Thus, during the above-mentioned XVI Congress of the PSRM, members of this political force criticized Sandu’s statement concerning Russian troops’ withdrawal from Transnistria and the foreign politicians’ reports about the decisions made by the parliament. In their view, this indicates “the attempts to introduce a regime of external governance in the country”. And it will be more debated all the time.
Sandu’s poor results sooner or later might tip the scales not in her favor. Four years will pass too quickly, after which the revenge factor may brightly loom over the Bessarabian political horizon.
Igor Dodon, or his successor, will do well to serve Vladimir Putin and the Kremlin capital, getting ready to launch a fatal blow against Maia Sandu. Moscow is doing everything possible to get Chisinau back to its orbit.
It is not an understatement to say that Putin has recently reacted particularly sharply to everything that was happening in the post-Soviet space. After all, from the very beginning of his rule, for more than two decades, he has presented himself as a strong government and guarantor of stability – both at home and abroad. Today, he will have to fight the “fires” that are becoming increasingly frequent and dangerous for the regime.
If, for example, the occupation of Crimea and Donbas, intervention in Syria and resistance to Western sanctions can be seen as the culmination of Putin’s rule, accompanied by a record support from the compatriots, the regime has since entered a phase of gradual decline. Last year the trend became especially noticeable – with a significant loss of Russia’s geopolitical position in the post-Soviet space – in Belarus, the Caucasus, Kyrgyzstan, and more recently in Moldova…
Relations with the West are in crisis. The economy being dependent on oil and gas exports is cracking at the seams, forcing Putin to resort to manipulation and fraud to ensure his ability to rule as long as he could. And then there was the situation with the opposition leader Oleksiy Navalny.
Therefore, Putin is now caught in an impasse like never before. And this makes him even more dangerous than he used to be.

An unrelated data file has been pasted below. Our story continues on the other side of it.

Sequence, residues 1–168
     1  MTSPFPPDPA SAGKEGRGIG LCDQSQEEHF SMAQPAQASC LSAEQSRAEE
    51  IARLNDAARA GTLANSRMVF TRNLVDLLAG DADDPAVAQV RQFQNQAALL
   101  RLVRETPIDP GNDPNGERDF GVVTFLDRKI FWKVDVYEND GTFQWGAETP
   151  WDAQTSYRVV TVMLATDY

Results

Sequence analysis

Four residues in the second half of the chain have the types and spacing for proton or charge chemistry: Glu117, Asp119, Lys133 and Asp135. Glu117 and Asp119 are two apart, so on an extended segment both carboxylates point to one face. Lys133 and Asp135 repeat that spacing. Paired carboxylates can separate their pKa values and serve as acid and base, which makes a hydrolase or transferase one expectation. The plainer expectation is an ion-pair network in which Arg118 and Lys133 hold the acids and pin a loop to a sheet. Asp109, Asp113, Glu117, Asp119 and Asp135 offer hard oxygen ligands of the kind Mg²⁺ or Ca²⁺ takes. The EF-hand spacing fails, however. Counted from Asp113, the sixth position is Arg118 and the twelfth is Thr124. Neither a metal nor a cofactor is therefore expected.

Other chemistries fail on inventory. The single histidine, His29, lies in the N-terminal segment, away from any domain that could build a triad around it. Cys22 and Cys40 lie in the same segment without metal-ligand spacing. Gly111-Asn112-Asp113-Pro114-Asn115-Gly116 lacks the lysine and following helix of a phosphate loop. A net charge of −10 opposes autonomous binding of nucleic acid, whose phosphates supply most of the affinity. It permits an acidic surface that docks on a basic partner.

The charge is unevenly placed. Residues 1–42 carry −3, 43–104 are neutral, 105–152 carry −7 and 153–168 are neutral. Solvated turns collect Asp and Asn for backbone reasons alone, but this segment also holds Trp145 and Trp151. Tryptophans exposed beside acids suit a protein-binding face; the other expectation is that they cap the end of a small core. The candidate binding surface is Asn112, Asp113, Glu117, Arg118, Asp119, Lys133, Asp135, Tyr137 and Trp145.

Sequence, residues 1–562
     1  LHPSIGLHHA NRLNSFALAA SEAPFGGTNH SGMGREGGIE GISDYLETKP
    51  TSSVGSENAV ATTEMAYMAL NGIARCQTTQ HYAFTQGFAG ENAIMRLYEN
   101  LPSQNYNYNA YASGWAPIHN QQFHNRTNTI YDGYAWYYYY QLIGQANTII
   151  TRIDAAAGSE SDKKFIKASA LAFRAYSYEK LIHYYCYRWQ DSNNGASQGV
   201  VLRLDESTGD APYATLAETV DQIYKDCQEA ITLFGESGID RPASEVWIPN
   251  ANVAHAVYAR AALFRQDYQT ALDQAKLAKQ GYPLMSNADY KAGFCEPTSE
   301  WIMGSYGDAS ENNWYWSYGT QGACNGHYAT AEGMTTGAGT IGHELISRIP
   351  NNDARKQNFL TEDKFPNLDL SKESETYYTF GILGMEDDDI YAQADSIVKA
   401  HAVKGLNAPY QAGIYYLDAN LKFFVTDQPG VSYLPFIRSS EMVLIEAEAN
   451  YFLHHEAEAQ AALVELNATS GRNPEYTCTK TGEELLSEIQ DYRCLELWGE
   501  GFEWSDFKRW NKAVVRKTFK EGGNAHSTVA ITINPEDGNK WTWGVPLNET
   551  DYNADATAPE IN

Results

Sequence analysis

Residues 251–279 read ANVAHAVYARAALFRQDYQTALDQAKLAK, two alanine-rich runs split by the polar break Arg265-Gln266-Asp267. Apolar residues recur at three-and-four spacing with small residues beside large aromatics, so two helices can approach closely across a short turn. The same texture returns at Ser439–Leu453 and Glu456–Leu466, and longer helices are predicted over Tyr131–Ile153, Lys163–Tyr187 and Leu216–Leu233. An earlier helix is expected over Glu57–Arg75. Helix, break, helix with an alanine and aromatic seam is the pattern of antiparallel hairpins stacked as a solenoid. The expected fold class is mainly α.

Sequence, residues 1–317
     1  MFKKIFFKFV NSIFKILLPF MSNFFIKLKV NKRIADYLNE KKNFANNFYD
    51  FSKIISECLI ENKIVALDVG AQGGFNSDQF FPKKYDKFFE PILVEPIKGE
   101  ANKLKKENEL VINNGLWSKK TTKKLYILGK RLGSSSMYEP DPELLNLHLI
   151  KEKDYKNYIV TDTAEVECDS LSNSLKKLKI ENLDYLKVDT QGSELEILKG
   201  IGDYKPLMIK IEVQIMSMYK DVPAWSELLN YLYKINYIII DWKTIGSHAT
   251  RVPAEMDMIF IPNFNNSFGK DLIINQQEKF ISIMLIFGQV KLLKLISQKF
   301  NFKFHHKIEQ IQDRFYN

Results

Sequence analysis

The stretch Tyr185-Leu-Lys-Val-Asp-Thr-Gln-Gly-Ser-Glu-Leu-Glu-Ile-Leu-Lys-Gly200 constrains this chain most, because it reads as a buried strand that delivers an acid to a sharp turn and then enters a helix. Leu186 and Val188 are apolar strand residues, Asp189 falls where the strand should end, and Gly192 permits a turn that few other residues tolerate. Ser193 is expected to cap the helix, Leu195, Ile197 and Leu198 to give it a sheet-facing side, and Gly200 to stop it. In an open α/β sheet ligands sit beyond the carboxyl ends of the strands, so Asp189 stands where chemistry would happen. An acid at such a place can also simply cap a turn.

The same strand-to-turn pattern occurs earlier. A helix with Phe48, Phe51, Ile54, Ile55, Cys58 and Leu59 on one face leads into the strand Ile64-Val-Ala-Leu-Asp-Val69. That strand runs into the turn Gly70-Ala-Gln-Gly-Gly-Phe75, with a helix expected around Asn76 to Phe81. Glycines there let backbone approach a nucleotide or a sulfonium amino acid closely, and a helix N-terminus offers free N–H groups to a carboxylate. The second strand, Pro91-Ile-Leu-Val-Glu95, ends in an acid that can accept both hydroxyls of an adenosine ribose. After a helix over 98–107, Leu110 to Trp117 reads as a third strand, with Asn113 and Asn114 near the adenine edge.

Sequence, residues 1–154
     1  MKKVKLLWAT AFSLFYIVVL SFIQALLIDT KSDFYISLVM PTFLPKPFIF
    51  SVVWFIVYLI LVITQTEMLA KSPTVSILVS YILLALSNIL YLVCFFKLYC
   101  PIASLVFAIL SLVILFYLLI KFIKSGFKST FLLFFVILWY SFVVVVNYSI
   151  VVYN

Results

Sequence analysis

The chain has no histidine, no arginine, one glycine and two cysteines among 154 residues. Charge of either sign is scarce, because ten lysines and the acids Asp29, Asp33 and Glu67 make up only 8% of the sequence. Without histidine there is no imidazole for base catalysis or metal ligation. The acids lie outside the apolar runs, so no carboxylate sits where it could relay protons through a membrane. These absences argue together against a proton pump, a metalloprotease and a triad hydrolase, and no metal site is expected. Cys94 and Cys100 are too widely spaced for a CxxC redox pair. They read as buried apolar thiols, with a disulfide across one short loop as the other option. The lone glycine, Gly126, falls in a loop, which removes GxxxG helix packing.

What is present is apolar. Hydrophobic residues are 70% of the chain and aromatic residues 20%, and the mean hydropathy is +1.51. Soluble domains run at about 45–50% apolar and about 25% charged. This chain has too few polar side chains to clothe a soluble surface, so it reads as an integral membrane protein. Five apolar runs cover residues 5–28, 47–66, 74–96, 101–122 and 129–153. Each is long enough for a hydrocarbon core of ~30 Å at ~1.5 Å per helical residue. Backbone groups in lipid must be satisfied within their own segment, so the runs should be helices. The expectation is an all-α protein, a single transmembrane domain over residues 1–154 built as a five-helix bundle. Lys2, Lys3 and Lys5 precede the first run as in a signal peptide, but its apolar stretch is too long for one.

It was also revealing that, even in congratulating Sandu on her victory at the presidential election, Putin recalled that her country was heavily dependent on Russia and should take this into account, repeating the Valdai discussion club mantra when Putin said, betting on Dodon, that Russia was expecting the Moldovan people appreciate the efforts of the President of the Republic to build relations with Russia, because the fate of Moldova’s economy depends on contacts with his country.
“We see what is happening around Moldova, and we know the needs of the Moldovan people concerning the development of democracy and economics on the other hand. But who buys the Moldovan wine? Will they buy the Moldovan wine in France? Who needs it on the European market? They have their own one to burn…” – Vladimir Putin commented on the events in Moldova shortly before the first round of the presidential race, implying that there was no alternative to Igor Dodon’s candidacy.
In view of the foregoing, it is clear that Russia will do everything possible to keep the former post-Soviet republics in their claws. That is why people like Igor Dodon are a vital resource for maintaining Russian hegemony in the region. Therefore, Moldova and its new leader should pursue a well-thought-out policy, taking into account the parliamentary and reformist dimensions, in order to prevent the pro-Russian revenge, which, apart from total erosion, cannot bring anything good to Chisinau’s sovereignty.